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Entertainment Weekly


Jack Antonoff searches for pop salvation on new Bleachers LP: EW review


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When Jack Antonoff first debuted Bleachers in 2014, the band seemed like a quaint side project for the fun. guitarist. But in the ensuing years, he’s become one of music’s most in-demand producers, minting pop gold for the likes of Taylor Swift and Lorde. Now, three years later, he’s returning to Bleachers once again — and the result, Gone Now, is his most accomplished to date.

On the proper follow-up to Strange Desire, Antonoff is more sonically self-assured and conceptually mission-driven, weaving together a 12-song cycle — inspired by the heartbreaking death of his sister, Sarah, from brain cancer when he was 18 — that explores the relationship between loss, youth, and rebirth. While Carly Rae Jepsen and Lorde add star-power to the radio-friendly pop explosions of “Hate That You Know Me” and “Don’t Take The Money,” Gone Now, as a whole, is a decidedly more contemplative offering. On an album that uses the jazzy gospel-pop blend of Chance the Rapper’s Coloring Book as a touchstone, much of the set is defined by its recurring refrain (first introduced in “Goodmorning”) of bittersweet farewells and warm gratitude.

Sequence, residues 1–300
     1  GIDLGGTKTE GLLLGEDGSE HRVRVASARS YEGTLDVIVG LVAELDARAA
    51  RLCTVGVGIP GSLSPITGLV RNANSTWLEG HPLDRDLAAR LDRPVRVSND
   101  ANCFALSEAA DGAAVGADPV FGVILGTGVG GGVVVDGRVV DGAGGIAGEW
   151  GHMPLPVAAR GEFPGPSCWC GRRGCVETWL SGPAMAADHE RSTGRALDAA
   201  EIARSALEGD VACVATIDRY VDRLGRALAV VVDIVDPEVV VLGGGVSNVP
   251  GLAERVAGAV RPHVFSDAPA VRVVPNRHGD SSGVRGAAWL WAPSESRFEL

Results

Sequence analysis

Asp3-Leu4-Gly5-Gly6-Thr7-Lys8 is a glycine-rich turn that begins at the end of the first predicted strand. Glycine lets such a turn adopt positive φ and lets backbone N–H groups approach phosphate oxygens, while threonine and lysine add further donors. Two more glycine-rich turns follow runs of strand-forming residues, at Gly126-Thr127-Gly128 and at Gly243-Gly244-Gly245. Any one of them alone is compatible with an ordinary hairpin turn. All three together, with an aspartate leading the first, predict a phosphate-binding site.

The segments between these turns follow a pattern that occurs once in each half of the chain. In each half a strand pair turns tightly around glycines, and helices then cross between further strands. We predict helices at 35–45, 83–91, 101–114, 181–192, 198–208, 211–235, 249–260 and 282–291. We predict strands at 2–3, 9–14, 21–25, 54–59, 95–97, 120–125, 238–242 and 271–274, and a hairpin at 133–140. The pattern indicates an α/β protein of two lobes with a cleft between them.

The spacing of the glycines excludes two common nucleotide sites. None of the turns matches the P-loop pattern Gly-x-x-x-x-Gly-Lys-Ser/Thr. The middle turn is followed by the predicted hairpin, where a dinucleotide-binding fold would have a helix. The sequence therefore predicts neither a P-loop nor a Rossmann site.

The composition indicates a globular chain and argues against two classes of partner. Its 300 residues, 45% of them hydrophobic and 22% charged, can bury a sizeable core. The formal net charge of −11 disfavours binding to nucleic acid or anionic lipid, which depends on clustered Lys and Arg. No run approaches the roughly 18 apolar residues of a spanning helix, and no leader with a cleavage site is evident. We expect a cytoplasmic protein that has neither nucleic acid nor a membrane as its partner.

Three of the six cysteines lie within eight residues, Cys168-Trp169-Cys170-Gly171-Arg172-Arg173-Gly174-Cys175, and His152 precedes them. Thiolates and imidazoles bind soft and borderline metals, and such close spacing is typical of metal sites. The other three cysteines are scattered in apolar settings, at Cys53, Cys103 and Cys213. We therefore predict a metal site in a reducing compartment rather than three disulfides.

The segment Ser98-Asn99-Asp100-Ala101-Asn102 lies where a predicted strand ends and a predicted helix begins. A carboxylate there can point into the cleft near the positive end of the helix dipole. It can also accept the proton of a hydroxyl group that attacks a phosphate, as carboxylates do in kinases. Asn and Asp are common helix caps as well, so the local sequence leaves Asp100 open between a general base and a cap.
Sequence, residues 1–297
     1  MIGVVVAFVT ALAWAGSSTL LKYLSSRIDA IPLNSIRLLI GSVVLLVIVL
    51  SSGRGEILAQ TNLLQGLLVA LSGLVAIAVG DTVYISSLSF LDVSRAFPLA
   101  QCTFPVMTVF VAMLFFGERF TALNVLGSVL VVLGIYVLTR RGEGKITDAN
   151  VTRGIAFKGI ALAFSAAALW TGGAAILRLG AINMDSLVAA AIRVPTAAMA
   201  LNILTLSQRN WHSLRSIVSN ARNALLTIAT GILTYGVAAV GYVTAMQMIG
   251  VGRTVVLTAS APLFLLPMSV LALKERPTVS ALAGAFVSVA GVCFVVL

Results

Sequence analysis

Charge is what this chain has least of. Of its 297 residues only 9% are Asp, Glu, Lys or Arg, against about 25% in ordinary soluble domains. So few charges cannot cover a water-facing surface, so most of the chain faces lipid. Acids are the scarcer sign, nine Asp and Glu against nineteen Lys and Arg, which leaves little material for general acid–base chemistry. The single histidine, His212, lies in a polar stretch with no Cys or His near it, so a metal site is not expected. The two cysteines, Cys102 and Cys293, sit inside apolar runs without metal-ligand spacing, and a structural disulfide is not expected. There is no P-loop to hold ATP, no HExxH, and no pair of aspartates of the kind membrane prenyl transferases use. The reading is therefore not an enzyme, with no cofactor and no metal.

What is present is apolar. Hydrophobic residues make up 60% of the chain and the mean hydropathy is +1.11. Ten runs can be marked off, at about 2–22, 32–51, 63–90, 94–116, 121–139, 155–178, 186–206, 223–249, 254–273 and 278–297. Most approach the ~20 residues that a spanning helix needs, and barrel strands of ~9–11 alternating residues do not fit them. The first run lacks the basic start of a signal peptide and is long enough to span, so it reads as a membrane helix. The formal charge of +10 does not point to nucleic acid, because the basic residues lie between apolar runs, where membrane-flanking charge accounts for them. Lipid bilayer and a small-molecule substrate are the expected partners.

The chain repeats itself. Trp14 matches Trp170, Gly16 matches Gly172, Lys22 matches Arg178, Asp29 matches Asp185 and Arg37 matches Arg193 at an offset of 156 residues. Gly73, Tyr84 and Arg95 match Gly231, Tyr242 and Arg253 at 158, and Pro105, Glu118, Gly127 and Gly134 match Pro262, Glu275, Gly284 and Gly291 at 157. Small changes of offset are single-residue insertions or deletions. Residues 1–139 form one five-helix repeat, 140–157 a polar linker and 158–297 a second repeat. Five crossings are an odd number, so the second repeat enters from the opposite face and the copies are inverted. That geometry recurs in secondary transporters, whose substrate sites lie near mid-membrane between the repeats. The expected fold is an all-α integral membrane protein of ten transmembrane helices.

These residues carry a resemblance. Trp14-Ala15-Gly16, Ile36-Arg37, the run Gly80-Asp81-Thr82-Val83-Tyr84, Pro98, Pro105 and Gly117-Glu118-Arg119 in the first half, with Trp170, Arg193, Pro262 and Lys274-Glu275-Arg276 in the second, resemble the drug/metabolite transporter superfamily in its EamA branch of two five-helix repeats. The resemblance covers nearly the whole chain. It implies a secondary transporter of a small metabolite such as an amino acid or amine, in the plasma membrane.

Songs like “Everybody Lost Somebody” and “I Miss Those Days” betray the intensely personal backbone of Antonoff’s latest, a record rooted in deep nostalgia (in both form and content) that finds the 33-year-old singer on a spiritual quest to find some peaceful salvation in pop melody. “Trying to get myself back home,” he sings halfway through. By the time he reaches the series of codas that conclude Gone Now, Antonoff sounds like he’s just arrived at his destination.

Key Tracks

“Everybody Lost Somebody”
Antonoff strives for the universal and lands on the anthemic on this horn-laden mid-tempo ballad, which utilizes Bleachers’ go-to retro flourishes (’80s drums, reverb, crashing synths) to great effect.

“Somebody lend me a favor, ” Antonoff pleads over this Ben Folds-worthy piano-pop riff. On an album full of humble apologies and delicate goodbyes, the second song on Gone Now serves as the album’s guiding statement.